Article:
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    @Coditoergosum According to US then legal status, the kings of England were their legal sovereigns. So, Washington's attempt to independize was illegal. It doesn't mean that it wasn't popular among their citizens, and if another country (say, Spain, for example) would have fought alongside the british to keep the USA subjugated to the British Empire, the new independent country would not have had the best initial relationships with Spain. Your legalistic POV is worthless. Mussadeq was very popular, and when the US-sponsered dictator was ousted, the new government was not friendly. – Rekesoft Feb 22 at 11:14
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    What we're both saying becomes a lot closer together once you realise that the "communists" and "islamists" were people of Iran. – andypea Feb 22 at 20:52
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To quote UK Essays. (November 2018). Geopolitical Position Of Pakistan History Essay, " Pakistan has a significant geopolitical position as it is situated in a region that is of high grandness due to its political, economic, and strategic position. " The primary reasons for the incentives that Pakistan enjoys from the US despite the repeated betrayal of Pakistan or, as Trump had mildly put it, "The US has gotten 'nothing' from Pakistan aid" are as follows.

  1. India advocated and followed a principle of "non-aligned movement" under its first prime minister during the initial phases of the cold war. US policymakers saw this is as aligned with USSR. Pakistan gained an all-weather friendship and became a pivot of US in the region.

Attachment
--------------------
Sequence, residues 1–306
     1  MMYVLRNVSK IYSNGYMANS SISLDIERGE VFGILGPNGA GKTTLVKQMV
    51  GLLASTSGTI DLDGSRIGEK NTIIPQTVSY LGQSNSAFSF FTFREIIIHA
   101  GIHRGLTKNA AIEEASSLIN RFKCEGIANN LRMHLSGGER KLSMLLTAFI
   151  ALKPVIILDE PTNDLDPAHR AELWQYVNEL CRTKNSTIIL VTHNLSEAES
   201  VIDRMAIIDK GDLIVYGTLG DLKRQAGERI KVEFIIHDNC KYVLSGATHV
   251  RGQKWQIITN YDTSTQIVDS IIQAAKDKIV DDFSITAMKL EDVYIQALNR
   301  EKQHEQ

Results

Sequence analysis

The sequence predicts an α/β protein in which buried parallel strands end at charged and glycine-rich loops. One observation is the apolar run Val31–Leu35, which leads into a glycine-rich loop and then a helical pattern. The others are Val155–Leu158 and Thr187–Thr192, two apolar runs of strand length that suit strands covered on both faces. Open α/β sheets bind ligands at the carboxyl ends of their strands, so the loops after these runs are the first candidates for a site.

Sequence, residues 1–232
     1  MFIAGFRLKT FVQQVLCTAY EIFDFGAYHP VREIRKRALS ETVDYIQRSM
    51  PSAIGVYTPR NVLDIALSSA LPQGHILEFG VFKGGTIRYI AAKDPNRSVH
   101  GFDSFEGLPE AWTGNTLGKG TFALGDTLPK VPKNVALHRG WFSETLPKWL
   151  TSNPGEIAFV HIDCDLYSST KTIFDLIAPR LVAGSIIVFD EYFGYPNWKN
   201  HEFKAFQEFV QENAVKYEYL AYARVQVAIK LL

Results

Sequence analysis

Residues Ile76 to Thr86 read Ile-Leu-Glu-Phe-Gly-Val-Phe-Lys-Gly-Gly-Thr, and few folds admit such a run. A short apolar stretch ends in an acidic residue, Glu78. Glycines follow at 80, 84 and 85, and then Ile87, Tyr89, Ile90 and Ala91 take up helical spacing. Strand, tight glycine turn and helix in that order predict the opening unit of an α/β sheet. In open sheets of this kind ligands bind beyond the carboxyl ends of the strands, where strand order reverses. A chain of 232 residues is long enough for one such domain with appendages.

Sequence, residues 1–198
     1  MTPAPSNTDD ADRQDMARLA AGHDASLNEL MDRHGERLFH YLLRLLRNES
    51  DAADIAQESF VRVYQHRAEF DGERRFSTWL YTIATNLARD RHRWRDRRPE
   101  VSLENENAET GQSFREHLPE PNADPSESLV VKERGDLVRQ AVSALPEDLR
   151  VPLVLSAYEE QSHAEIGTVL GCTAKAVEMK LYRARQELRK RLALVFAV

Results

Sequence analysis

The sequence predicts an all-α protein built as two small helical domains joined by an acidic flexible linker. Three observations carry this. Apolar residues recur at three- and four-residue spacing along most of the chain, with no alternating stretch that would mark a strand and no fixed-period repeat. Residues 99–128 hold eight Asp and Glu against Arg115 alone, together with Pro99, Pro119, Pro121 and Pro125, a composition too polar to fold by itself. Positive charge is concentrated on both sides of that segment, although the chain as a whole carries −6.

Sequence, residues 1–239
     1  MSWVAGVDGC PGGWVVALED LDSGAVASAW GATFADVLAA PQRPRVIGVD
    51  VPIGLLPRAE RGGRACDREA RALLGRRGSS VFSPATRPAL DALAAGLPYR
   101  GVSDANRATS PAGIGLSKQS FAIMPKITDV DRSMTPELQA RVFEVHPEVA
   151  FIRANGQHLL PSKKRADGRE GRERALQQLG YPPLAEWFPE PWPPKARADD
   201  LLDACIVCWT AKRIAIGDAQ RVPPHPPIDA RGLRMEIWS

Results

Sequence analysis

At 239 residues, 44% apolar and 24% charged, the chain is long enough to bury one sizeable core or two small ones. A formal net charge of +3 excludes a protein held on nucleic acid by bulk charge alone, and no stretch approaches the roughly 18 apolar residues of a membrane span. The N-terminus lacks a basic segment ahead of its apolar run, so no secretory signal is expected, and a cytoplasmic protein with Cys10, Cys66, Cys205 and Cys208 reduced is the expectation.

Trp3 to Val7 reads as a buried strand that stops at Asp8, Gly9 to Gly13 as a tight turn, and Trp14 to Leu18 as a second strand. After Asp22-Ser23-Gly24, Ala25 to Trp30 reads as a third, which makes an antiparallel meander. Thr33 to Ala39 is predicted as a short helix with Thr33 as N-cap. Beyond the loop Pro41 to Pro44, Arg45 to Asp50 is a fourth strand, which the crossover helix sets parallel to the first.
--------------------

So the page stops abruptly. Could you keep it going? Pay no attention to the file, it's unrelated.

2. The next powerful prime minister of India, Indira Gandhi, was also seen as USSR friendly. Indian Army got Russian weapons and airplanes. India became a nuclear power, further adding value to Pakistan as a partner for US.
  3. USSR role in Afganistan cemented the ties between Pakistan Army and US functionally in some sense.
  4. Pervez Musharraf supported US operations in Afganistan after 9/11 in a whole-hearted manner.
  5. Pakistan kept its promise in providing free access to the US military on its soil. Since the US had free access finding Osama in Pakistan was not brought against the Pakistan government.
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You've somehow answered your question:

the USA's middle east policy more or less revolves around the security of Israel.

But there are many differences between Iran and Pakistan's foreign policies, the Islamic Republic(IR) has always announced that it wants to annihilate Israel,and even you can see digital countdowns in the streets of Tehran showing the date of the end of Israel, have you ever seen such things in Pakistan? certainly not.

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Besides, IR's belligerent behavior goes beyond its animosity with Israel, remember that IR has a long history of anti-American activities:

  • Iran took American diplomats hostage in 1979, this was the beginning of the problem between these countries.